Thanks for your letter of Oct. 22nd by airmail which arrived yesterday (five days in transit is pretty good), stating you were shortly leaving for Liege, that the things for the Rabets might be sent by express (they are awfully slow coming from Sears), your receipt of Aunt Betty’s letter and some of the boxes with Paulette’s things in them. Do get her to write us how she likes the various things so we can be guided next time if they are not just what she wants.

In contrast to this speedy letter, I also received earlier in the week a letter you wrote and sent by regular mail on Sept. 18th.  In this you ask that a complete layette be sent to Paulette. It is true that packages can now be sent either by mail or express to France but the thing that I am wondering about, if they are sent to a civilian address rather than to an APO  number, is whether duty will not have to be paid, and if so, whether it would not be much cheaper even if a little longer in transit, to continue to send packages addressed to you through regular Army channels. Perhaps France does not impose duties. Will you inquire on this point and let me know promptly if you still want things sent direct to civilian addresses?

Page 2   10/28/45

The Lad and Richard Guion’s are entering fully into the spirit of the late summer place idea and both of them, with the aid of their spouses, have or are in the process of making out floor plans showing their ideas for a summer cottage and I am eagerly waiting your’s and Paulette’s ideas. Ced I know is going to have some very interesting angles I am also wondering if Dave will surprise us, even though I do not expect he has given much thought to matters of this sort.

Lad came home on another pass yesterday and he and Dick and dad had a sort of a field day this morning that you would have enjoyed. With the aid of your old Chevy, Lad’s Buick, some borrowed rope and just plain manpower, we pulled down an old apple tree, hauled sundry fallen logs too heavy to manhandle and in general had such a good time in the pleasant October weather that we long overstayed our dinner hour, in spite of which fact the girls were very patient and forbearing and didn’t act all upset. So perhaps we felt all the guiltier.

Dear Dave:

Received your letter of Oct. 12th on the 22nd — not bad for so great a distance. This is the one where you say I am making you homesick by all the references to rides and trips; also that it has become an effort for you to write letters. That is quite understandable. I occasionally feel that way myself and find it an effort to try to sound interesting, knowing you boys will be disappointed if I don’t write and yet feeling that what I write is a lot of trash. And yet I imagine the effort is worthwhile. I know yours is to me. And you have a lot more to gripe about than I have. I keep busy all the time and feel I am doing something useful for your benefit when you come home, but you must feel sort of a let-down with the war over and nothing very important or dramatic to accomplish. I see, like the Guion tribe in general, you still keep your sense of humor, and for the benefit of the others I will quote your last paragraph. “Things go on the same here – we’re still sweating it out and feeling sorry for ourselves. The only change I can think of right now is the addition of a new sign out in the hall up here on the third floor of the Waterworks Building. The stairs going from the ground floor to the top (4th floor) are set in a sort of squared circle with a well going all the way down to the bottom. The sign here on the third floor says: “Don’t jump — will all be home in six months”. I hope the sign is right.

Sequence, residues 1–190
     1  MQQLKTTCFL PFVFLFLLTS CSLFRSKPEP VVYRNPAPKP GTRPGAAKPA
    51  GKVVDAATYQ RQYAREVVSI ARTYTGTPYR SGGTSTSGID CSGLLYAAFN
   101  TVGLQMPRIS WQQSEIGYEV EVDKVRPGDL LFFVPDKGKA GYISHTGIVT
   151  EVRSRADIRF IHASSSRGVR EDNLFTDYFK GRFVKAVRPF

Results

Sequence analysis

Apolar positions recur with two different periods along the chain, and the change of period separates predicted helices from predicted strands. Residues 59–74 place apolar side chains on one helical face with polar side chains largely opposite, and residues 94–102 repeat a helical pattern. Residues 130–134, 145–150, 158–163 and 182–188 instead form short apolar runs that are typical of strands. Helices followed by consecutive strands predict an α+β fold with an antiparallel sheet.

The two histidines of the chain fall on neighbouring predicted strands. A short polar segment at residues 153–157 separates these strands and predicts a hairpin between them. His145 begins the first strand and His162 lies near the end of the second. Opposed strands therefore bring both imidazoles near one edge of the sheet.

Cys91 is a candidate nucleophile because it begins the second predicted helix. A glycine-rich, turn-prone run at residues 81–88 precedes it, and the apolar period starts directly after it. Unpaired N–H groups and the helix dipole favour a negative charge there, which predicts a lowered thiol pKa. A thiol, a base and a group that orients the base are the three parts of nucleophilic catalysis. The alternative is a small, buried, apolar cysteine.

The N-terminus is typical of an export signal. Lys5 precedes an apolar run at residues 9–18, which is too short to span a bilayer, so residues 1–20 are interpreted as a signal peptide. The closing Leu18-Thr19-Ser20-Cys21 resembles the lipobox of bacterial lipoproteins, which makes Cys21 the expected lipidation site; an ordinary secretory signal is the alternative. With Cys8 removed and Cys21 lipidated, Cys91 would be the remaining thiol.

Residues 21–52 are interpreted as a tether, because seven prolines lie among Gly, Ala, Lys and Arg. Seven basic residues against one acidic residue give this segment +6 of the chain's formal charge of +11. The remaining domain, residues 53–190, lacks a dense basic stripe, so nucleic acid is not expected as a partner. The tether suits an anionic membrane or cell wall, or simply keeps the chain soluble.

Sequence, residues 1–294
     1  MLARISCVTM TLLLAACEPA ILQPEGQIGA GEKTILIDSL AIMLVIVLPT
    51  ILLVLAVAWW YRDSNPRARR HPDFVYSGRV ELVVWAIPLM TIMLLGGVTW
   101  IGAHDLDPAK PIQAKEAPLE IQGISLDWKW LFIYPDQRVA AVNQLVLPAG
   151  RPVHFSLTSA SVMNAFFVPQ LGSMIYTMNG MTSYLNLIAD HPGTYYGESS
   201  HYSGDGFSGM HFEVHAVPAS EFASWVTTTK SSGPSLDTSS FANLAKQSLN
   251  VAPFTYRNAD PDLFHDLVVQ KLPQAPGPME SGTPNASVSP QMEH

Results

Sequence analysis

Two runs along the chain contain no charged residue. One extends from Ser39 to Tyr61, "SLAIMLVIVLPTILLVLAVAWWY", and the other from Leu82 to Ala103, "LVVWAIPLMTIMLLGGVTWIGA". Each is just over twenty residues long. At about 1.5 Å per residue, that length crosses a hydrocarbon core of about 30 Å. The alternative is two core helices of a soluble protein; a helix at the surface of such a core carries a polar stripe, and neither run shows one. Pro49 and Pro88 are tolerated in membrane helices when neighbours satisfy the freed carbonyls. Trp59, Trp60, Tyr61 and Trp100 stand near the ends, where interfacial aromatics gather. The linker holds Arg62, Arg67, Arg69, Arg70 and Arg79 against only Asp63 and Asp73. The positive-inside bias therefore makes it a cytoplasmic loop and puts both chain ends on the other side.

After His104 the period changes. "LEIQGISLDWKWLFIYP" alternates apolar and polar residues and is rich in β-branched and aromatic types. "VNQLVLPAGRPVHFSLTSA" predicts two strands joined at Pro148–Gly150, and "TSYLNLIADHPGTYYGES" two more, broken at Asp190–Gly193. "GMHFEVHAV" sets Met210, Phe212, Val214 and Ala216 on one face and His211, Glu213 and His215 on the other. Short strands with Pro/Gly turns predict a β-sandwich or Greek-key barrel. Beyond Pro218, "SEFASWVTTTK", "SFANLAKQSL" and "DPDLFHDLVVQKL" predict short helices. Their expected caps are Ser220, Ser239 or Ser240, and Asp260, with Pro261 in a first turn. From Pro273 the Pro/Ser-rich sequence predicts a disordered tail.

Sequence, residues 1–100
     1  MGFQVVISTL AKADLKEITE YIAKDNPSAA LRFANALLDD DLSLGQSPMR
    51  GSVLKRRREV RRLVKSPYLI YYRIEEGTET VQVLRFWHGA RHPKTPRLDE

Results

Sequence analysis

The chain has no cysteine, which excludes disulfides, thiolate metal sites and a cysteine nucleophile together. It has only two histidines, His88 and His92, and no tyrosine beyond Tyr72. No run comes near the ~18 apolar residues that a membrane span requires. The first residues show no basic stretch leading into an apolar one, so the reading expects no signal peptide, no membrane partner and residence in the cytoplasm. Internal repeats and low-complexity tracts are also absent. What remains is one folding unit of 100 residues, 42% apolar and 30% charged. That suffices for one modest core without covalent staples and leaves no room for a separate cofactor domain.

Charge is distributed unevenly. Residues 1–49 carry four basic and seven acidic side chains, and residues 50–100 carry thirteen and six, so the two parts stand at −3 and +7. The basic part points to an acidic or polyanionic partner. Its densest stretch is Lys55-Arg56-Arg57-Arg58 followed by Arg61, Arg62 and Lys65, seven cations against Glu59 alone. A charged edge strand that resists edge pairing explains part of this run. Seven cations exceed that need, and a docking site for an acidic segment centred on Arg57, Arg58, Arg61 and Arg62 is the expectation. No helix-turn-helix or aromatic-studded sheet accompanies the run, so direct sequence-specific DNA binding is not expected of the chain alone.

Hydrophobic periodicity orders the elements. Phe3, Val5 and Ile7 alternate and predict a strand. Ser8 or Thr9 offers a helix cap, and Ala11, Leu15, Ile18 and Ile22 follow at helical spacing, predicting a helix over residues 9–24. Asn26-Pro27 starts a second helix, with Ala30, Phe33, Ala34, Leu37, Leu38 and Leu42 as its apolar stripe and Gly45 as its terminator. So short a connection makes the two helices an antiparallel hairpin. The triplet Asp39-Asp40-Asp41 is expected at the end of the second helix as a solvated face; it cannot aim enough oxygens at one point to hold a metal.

Dear Ced:

I’ll paraphrase what I said to Dan. Just wait to you have a boy of your own that you have a particular fondness for, who made a resolve to write to you at the very least once a month, and then you wait and wait and week after week goes by after the month is up and still you don’t know whether the plane he went up in ran out of gas and could not come down, and then you can appreciate how the poor old father feels, gnashing his fingernails, glancing anxiously up as each plane streaks across the sky, wondering if that is the silent son at last coming home. And so on that sad and doleful note I shall come to the signing off space, but still hopeful, shall continue to remain,

Yours                               DAD

Special Picture # 251 – My first Trip to the Island – Summer, 1949

 

 

My first trip to the Island – probably the summer of 1949 –

Judy, my younger brother Greg, my twin, Doug

 

my little sister, Lynn

Tomorrow, more Special Pictures.

My internet has been down all week, so on Monday, I’ll begin by re-posting the first section of a long letter from Grandpa to Dave, Dan and Paulette and Ced, written in October, 1945. I’ll continue with the rest of the letter during the week.

Judy Guion

Trumbull – Random thoughts on our Future Camp – Oct., 1945

 

October 7, 1945

Random Thoughts on our Future camp.

 

I have just purchased from Anna Heurlin the Lake Winnipesaukee Island which has so many pleasant memories for all of us – – a Christmas present jointly and equally to each of my six children – – legally, that is, but from a practical standpoint, to be shared, of course, with their wives and children, now and to be. (I may add by way of parenthesis that such a situation in some families might in future develop into a cause for friction between brothers and sisters and their families, but somehow I feel that in our case, I will not be sowing a seed of possible future discord but that the family spirit of unity and tolerance toward one another, which, with your mother’s spirit still present, has been with us all so far, will still guide us and prevent future misunderstandings from arising. That at least is my fervent wish.)